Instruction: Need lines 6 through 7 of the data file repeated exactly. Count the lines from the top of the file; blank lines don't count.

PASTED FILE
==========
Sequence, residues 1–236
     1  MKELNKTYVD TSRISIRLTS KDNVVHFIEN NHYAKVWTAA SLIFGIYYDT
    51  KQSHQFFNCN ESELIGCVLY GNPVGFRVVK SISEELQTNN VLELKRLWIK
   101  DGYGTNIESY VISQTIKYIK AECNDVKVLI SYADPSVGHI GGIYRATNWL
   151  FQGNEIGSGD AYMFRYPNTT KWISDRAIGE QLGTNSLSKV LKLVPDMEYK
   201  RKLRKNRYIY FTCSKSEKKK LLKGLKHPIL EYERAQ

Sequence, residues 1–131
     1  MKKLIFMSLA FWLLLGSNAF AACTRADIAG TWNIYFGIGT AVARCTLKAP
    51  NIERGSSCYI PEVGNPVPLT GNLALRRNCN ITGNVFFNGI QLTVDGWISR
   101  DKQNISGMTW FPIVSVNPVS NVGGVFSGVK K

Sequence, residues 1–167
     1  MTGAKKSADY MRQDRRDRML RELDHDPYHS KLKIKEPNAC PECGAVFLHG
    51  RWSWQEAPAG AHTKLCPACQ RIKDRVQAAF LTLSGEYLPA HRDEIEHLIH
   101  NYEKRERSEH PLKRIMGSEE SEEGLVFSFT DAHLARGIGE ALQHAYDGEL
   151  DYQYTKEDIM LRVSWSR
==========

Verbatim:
   201  RKLRKNRYIY FTCSKSEKKK LLKGLKHPIL EYERAQ

Sequence, residues 1–131